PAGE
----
Days out with dogs and children!?

(11 Posts)
letseatgrandma Fri 04-Jan-13 23:10:04

How much does having a dog/puppy affect the things you do as a family, eg at the weekend? We would love a dog, but I am thinking closely about the practicalities. For example:

-if we went to the local park-dogs aren't allowed in the playpark bit, so although we can all walk/scooter around-if the kids went in the playbit-one of us would have to stay outside with the dog. If I went with the children AND the dog on my own-we couldn't go in the playbit.
-If we went out for the day, eg to a National Trust/English Heritage place. If dogs are allowed-that's fine, but if not-they would be walking around outside with one adult, whilst the other adult has all the children. Or the dog stays in the car? Are you even allowed to do that!?
-Eating in cafes? Presumably ok but you sit outside?
-Shopping-another no no.

I am starting to wonder what people with dogs do!? We love walking-but do other things as well and wouldn't go out with the kids every Saturday and Sunday for a 5 hour walk.

What do you all do. Sorry if I sound hopelessly naive sad

Weekends are a mix of dog-friendly days out i.e. long walks up hills or one of us exercises her in the morning and we go out in the afternoon.

We kennel her if there are days when she will be left alone for more than 5 hrs absolute max (after exercising her and again when we return).

As far as the playpark thing goes - we've done the '1 person in with DC, 1 person walking the dog', but generally one of us will get up earlier and give her a good run so we can both go to a place where dogs aren't allowed.

It's doable, but it does take advance planning.

And you don't sound naive at all! More people should consider the practicalities before they get a dog.

Lonecatwithkitten Fri 04-Jan-13 23:39:49

National trust and English hertiage properties list on their websites their individual dog policies. Many do welcome dogs top favourites in the South Hurst Castle and The Old Battery.
Lots if pubs welcome dogs as long as they sit quietly beneath the table.
The mobile mop lives a good day out.

happygardening Sat 05-Jan-13 00:09:24

We live in a dog friendly small rural town. There are dogs everywhere inside cafes pubs our small independent dept store the 5* indepedent hotel the bank every field/park even one in the butchers the other day! It's easy to forget how lucky we are.
Sadly our nearest NT won't allow dogs and the other big problem we've found is beaches many are closed to dogs during ugh season.

letseatgrandma Sat 05-Jan-13 10:57:45

Thank you for your replies-especially the lovely one that said I wasn't being naive!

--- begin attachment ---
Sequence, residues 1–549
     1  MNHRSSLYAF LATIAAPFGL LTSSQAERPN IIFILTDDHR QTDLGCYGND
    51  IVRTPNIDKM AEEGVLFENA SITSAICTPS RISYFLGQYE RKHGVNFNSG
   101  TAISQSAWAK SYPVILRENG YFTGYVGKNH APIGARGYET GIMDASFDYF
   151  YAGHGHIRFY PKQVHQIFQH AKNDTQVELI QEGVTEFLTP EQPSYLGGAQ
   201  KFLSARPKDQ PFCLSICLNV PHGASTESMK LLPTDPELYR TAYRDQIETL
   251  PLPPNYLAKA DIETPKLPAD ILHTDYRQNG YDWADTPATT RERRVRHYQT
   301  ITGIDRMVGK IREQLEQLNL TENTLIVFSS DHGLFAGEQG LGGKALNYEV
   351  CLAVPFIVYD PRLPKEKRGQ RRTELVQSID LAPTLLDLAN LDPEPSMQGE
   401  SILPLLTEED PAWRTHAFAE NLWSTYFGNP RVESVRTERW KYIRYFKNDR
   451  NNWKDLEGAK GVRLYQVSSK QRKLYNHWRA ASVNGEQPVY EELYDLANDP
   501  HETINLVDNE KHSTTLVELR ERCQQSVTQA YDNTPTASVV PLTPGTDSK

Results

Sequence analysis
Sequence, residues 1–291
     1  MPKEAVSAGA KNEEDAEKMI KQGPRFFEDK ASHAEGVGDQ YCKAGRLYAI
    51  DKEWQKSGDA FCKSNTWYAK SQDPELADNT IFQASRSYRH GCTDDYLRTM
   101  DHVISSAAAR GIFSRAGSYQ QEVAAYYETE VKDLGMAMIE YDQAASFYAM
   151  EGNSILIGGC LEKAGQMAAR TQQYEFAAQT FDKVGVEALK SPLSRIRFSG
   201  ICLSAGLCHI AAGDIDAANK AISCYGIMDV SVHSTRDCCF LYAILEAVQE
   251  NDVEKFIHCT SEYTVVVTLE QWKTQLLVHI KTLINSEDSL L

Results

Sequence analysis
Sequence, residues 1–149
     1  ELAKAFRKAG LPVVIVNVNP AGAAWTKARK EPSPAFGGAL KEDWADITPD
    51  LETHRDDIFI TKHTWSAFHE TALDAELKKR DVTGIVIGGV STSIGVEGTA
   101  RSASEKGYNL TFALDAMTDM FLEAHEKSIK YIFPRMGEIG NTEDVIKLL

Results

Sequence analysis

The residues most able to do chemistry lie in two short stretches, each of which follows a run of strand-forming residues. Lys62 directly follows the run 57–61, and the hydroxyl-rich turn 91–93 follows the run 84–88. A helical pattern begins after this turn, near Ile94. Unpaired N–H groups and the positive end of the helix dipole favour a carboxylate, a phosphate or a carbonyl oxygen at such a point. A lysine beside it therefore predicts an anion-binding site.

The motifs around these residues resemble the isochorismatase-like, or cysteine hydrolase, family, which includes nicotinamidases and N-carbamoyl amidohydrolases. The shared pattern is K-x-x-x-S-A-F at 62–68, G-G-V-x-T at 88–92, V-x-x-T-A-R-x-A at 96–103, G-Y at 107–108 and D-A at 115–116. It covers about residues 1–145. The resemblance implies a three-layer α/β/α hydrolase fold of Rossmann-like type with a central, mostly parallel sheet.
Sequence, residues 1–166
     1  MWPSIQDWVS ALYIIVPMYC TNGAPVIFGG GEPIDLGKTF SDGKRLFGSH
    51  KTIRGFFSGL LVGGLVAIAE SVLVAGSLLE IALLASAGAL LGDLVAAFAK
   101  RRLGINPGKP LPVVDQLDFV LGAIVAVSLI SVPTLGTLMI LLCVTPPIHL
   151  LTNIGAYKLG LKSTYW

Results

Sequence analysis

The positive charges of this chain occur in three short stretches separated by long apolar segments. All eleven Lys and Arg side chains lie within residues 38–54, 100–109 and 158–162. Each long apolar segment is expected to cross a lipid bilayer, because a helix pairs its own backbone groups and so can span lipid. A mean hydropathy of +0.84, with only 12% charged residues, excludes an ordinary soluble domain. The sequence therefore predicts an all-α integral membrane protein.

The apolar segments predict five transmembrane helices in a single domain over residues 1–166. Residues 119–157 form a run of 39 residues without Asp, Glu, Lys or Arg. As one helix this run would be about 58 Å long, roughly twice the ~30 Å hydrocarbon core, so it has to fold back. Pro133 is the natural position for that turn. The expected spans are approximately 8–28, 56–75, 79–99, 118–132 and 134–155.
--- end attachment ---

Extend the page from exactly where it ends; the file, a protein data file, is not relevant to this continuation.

We live right next to the beach so I will investigate the restrictions there. I would really like a dog to be part of our family days out not splitting us up into one adult with the dog and the other with the children. I will stalk people over the next few months and see what they do!

There are a number of websites that list good dog friendly days out, dog friendly beaches etc. In Wales, CADW is the equivalent of English Heritage and they allow dogs (on lead) to lots of their attractions. Consequently, our greyhounds now have an extensive knowledge of medieval Welsh history!

The other thing to think about is that during the summer especially there are lots of dog orientated family days out which are usually very cheap and good fun. I'm thinking of things like charity dog shows, and most dog rescues run all sorts of free or subsidised events in the summer like have a go at agility,walks, picnics, etc. Also worth thinking about things like geocaching that all the family can do, but fit well with dog.

You are definitely NOT being naive and very sensible to think this through.

serin Sat 05-Jan-13 23:27:24

Our dog has saved us a fortune as we no longer go to the likes of legoland and Alton Towerssmile

We have recently got kayaks so he comes along kayaking with us! or runs alongside our bikes, or we just go for a picnic.

I have found since getting our puppy that we make the effort to do things together. We wouldn't have made the effort before to pull on wellies and drive to a wood in the middle of january before the puppy but it is exactly what we will do tomorrow. We will be caked in mud but have a great time.

I was only saying this week that we did all our xmas shopping online and haven't done the sales and I haven't missed it one bit. We (and pup) are regulars at pets at home though!

It will change our holidays and some days out though we like picnics and things so that won't change. We like country show events so will do more of those. We are happy to take turns doing the one in one out thing too.

I am actually enjoying some of the one woman and her dog solitude aspects of dog walking though. Dh thought I was slightly mad when I admitted my favourite thing is to be in the woods in thick fog on my own with the dog and my thoughts, slightly scaring myself about what elae could be lurking in there!

SelfRighteousPrissyPants Sun 06-Jan-13 22:04:31

All the National Trust places we visit let dogs in, and EH I think. If you're ever near Durham I'd recommend Beamish outdoor museum- great for puppy socialisation!

I suppose it's just working round it. If there's dog-unfriendly places you usually visit you have to either go for shorter visits or have someone to dogsit for you.

chezzer2014 Thu 23-Jan-14 18:33:05

cotswolds wildlife park,cheddar gorge,tintagel castle, all were dog and child friendly..and brilliant!!

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